The overall New Brunswick child poverty rate, according to the report, is 21.7 per cent, representing about 30,000 children.
That is down from 22.8 in the previous report but still exceeds the national rate of 18.6 per cent.
Small improvements, not enough
There have been some small improvements, said provincial report author Chelsea Driscoll, but the big picture suggests it's not enough.
"In 1989, the federal government resolved to eliminate poverty by year 2000. Obviously they've come shy of that goal."
At that time, one in four New Brunswick kids lived in poverty.
Now it's approaching one in five.
"All progress should be celebrated and acknowledged," said Driscoll, "but there's still a long way to go."
Driscoll said the Canada Child Benefit and new day-care subsidies were steps in the right direction.
The report recommends further actions such as increasing the Canada Child Benefit, investing more in early learning and child care, implementing a universal pharmacare program, expanding maternity leave coverage and raising the minimum wage.
"These are all different policies that will help reduce this problem," Driscoll said.
The Canada Child Benefit has lifted about 690,000 children out of poverty, said Frankel.
But another 1.4 million children are still mired in it.
Changes still needed
Frankel said there are many ways the benefit program could be bolstered.
"There needs to be significant increases and not just for the youngest children as the government has promised."
Some classes of immigrants are not eligible, he said.
Indigenous children only get it if their parents file income tax returns.
An estimated 53 per cent of Indigenous children living on reserves are in poverty.
And there are problems in the administration of the benefits, he said.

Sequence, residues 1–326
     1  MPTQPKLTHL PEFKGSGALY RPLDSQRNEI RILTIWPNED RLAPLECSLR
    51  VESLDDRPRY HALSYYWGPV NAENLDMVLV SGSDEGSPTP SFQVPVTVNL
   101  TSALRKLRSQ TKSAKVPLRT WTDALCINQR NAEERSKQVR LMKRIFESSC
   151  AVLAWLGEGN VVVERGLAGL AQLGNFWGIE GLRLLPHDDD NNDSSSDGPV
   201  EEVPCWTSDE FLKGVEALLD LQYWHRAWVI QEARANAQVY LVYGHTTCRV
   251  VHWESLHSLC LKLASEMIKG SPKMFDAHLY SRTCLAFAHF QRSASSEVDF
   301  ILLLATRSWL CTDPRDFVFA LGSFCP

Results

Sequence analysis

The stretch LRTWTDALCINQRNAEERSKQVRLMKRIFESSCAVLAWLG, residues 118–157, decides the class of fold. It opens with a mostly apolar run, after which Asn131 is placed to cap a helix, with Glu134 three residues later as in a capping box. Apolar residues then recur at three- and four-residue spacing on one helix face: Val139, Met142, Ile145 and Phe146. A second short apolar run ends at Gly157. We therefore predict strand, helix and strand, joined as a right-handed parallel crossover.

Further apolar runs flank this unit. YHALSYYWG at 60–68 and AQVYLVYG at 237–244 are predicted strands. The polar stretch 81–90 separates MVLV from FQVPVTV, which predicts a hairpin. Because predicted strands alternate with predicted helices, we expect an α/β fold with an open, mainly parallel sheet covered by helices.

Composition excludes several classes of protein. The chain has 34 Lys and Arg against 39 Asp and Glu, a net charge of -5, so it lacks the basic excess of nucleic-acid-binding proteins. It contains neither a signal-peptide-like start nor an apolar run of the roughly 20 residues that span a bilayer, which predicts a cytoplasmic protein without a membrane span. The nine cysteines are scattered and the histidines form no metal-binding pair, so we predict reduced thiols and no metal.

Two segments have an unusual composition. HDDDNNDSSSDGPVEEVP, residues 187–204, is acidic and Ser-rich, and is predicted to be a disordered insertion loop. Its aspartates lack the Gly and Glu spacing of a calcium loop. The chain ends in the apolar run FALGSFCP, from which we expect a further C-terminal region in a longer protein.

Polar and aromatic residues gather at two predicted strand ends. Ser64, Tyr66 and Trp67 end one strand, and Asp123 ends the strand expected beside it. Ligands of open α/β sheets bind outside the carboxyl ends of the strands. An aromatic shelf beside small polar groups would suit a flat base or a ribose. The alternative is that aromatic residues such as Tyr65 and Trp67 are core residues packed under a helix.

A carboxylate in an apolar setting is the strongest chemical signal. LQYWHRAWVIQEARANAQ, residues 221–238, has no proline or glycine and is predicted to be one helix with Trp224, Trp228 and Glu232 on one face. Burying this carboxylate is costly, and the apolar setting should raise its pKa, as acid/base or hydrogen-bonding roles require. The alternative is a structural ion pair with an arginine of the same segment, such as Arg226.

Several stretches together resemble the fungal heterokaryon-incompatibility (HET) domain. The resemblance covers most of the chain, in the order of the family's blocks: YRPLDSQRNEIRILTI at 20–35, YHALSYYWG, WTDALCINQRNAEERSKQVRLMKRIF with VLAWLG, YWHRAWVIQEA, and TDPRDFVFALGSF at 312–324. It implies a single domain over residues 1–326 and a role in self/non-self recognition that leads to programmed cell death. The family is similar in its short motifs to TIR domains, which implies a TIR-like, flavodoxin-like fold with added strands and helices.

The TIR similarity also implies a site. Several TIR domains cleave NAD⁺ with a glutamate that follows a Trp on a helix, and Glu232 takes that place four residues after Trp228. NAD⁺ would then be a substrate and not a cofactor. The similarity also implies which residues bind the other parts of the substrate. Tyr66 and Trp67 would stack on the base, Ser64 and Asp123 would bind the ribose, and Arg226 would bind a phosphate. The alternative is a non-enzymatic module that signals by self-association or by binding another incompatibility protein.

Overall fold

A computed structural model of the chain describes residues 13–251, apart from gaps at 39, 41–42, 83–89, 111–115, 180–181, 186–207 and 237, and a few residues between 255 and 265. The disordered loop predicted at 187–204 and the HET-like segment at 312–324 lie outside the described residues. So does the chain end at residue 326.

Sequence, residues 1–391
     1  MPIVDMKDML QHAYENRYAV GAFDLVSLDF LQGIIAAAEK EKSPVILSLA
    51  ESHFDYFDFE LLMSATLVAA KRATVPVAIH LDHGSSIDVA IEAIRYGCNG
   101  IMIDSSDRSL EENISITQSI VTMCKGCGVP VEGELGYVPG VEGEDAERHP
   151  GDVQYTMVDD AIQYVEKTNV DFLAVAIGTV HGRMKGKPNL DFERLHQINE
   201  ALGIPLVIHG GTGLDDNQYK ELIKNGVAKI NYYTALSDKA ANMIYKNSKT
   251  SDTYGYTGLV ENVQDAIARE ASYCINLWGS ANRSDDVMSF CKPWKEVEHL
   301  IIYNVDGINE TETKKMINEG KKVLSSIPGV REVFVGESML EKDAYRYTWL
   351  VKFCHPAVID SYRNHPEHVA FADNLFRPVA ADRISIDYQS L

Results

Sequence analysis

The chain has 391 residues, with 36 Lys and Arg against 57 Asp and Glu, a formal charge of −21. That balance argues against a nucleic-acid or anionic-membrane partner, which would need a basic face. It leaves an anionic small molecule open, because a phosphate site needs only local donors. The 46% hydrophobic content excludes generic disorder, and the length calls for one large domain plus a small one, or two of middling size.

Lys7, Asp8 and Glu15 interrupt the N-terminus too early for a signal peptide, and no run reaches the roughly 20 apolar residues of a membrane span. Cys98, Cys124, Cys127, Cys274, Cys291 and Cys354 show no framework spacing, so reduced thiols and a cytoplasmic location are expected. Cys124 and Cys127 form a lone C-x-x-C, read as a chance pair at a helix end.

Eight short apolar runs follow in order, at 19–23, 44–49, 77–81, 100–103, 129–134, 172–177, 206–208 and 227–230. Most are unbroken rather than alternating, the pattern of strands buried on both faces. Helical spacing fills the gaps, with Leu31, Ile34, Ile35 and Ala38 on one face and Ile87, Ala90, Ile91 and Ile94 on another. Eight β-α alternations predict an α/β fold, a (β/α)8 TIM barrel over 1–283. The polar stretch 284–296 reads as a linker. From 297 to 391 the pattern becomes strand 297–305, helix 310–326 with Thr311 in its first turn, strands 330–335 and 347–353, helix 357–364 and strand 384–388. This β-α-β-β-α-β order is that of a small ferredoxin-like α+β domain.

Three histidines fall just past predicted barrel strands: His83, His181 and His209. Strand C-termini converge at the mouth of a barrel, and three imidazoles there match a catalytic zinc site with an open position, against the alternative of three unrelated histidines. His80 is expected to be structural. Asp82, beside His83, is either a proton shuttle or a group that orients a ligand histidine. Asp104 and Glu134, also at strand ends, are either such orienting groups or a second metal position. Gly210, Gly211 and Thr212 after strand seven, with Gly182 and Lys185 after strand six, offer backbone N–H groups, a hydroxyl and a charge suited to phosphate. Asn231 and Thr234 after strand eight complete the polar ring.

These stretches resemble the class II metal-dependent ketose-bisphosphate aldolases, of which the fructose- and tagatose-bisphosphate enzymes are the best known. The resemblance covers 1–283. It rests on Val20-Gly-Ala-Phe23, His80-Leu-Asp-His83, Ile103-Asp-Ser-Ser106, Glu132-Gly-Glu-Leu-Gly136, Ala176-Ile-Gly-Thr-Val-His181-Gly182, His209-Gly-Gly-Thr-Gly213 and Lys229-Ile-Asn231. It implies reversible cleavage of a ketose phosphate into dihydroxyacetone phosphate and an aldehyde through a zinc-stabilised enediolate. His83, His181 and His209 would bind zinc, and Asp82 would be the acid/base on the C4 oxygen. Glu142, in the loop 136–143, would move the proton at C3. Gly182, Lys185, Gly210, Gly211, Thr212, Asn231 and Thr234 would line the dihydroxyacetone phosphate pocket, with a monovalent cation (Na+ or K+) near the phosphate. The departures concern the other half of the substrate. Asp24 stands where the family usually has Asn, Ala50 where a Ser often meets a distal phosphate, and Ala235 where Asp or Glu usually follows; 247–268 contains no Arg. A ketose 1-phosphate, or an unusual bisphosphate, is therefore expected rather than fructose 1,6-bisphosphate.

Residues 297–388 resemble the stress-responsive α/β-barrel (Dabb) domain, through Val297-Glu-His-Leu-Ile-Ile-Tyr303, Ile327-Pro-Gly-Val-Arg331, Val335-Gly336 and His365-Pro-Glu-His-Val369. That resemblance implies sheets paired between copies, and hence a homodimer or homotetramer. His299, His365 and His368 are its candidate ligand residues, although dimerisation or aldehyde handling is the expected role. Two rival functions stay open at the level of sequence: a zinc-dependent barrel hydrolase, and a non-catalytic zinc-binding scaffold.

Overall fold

"For example, when women leave violent situations and go to shelters it's often difficult for them to obtain the benefit or retain the benefit even when it's most needed."
When parents split and there is joint custody, said Frankel, there's a very long process before payments are made.
He'd like to see rules that require provinces to provide adequate welfare rates and greater investment in housing.
He's also hoping the federal government will attach $6 billion to the poverty reduction strategy it previously announced.
'An immigrant lens'
Gautreau would like to see all anti-poverty initiatives examined through "an immigrant lens."
"The pathway out of social assistance for a newcomer is going to look different than the pathway out of social assistance for other New Brunswickers."
She said services like language programs are key.
Mekni is advocating for such training in the workplace.
"That's a solution that has been adopted by many other provinces and cities," said Mekni, "and it has brought good very positive results."
"We're working on this with some major employers in the region. But it needs to be across the board."
Foreign credential recognition is another priority.
"That can really limit their access to quality employment and long term careers in the province," said Gautreau.
Mekni said one key to reducing poverty among newcomers is to "enlighten the community" that immigration is beneficial to New Brunswick.